US

North Korean university names detained US citizen

The Korean-American lecturer had taught at Pyongyang University of Science and Technology (PUST) for several weeks prior to his arrest.

The investigation into Mr Kim was for matters "not connected in any way" to the university, PUST said.

Mr Kim was arrested just as he was about to leave Pyongyang. Authorities have not yet disclosed the reason.

According to South Korean news agency Yonhap, Mr Kim, who is in his late 50s, was involved in aid programmes and had been in North Korea to discuss relief activities.

US to honour 'dumb' Australia migrant deal

US President Donald Trump once called the deal, which was agreed under his predecessor, "dumb".

The agreement allows for up to 1,250 asylum seekers to Australia to resettle in the US.

In return, Mr Turnbull's administration has agreed to resettle people from Guatemala, Honduras and El Salvador who have sought asylum in the US.

The deal would be honoured but not necessarily admired, visiting Vice-President Mike Pence said after talks with Australian PM Malcolm Turnbull.

White House downplays Australia tensions ahead of VP visit

The adviser also said the two countries will reaffirm their partnership on security, trade and immigration issues during the visit.

But concerns about the US-Australia relationship go beyond a sour first impression, as Pence will have to address thorny questions about the administration's withdrawal from the Trans-Pacific Partnership, its strategy in the South China Sea and the regional security challenge posed by North Korea.

Mockery, anger in South Korea over USS Carl Vinson 'bluffing'

But its no-show has caused some South Koreans to question his leadership and strategy regarding their unpredictable neighbor in the north.

And as the country prepares to vote for a new president on May 9, the claim could have far-reaching implications for the two countries' relations.

"What Mr. Trump said was very important for the national security of South Korea," Presidential candidate Hong Joon-pyo told the Wall Street Journal.

China criticizes North Korea, praises US on nuclear issue

A day after North Korea's Vice Foreign Minister said Pyongyang would test missiles weekly and use nuclear weapons if threatened, a Chinese Foreign Ministry spokesman said Beijing was "gravely concerned" about North Korea's recent nuclear and missile activities.

In the same press conference, spokesman Lu Kang praised recent US statements on the North Korean issue.

North Korean envoy at UN warns of nuclear war possibility

North Korea has consistently issued threats of war toward the United States in recent decades, but the Trump administration's announced end of a "strategic patience" policy with Pyongyang has upped the ante in terms of warnings and bellicose rhetoric. North Korea's UN deputy representative, Kim In Ryong, on Monday unleashed at a hastily called UN press conference a torrent of threats, war scenarios and rhetoric aimed at the United States.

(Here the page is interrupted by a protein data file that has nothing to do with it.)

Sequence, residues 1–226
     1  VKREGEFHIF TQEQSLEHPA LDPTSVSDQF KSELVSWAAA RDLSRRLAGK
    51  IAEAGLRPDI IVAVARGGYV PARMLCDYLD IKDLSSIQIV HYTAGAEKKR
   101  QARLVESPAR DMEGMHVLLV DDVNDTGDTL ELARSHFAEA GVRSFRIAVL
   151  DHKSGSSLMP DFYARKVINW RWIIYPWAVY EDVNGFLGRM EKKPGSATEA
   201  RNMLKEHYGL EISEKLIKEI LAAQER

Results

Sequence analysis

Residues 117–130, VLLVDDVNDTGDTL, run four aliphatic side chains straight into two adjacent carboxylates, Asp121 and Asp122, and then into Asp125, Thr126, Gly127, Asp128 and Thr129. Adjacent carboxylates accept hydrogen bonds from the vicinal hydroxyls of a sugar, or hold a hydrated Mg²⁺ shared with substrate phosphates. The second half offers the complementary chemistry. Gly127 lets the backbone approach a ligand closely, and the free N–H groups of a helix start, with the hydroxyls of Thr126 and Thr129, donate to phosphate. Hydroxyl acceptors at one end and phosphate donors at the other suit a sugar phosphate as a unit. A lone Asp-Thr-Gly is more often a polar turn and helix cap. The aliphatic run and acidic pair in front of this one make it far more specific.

US vice-president in S Korea amid tensions

On a visit to South Korea, he is set to discuss ways to deal with Pyongyang amid speculation that leader Kim Jong-un could order a new nuclear test.

North Korea has warned the US not to take provocative action as it is "ready to hit back with nuclear attacks".

A US navy strike group is moving towards the Korean peninsula.

On a long-planned 10-day trip to Asia, his first official visit to the region, Mr Pence will reaffirm the US commitment to stand by its regional allies, officials say.

Twitter forces US to drop demand for Trump critic's details

@ALT_USCIS anonymously criticised President Trump’s immigration policy, and claimed to be run by employees at the United States Citizenship and Immigration Services.

US government officials issued a summons for identifying information.

But Twitter said that demand had been withdrawn after it filed a lawsuit.

The @ALT_USCIS account's followers also ballooned from 38,000 to 158,000 during the lawsuit's single-day lifespan.

Trump: US will act unilaterally on North Korea if necessary

"China will either decide to help us with North Korea or they won't," Trump said in an interview published Sunday in the Financial Times. "If they do, that will be very good for China, and if they don't, it won't be good for anyone."

Travel the US for free? Here's how Sarah and Lilly did it

Lilly Quinn and Sarah Little managed to do it without spending a dime beyond their £300 flights from the UK.

They spent five months travelling thousands of miles across 48 states, taking in some of the most epic landscape on earth.

"We wanted to do something challenging," explains 29-year-old Lilly.

So how did they do it? They hitch-hiked, couch-surfed and even used Tinder. Here are their top tips.

Take the leap, just go for it

"Having no money meant we were pushed to get out there and meet as many people as possible," Lilly explains.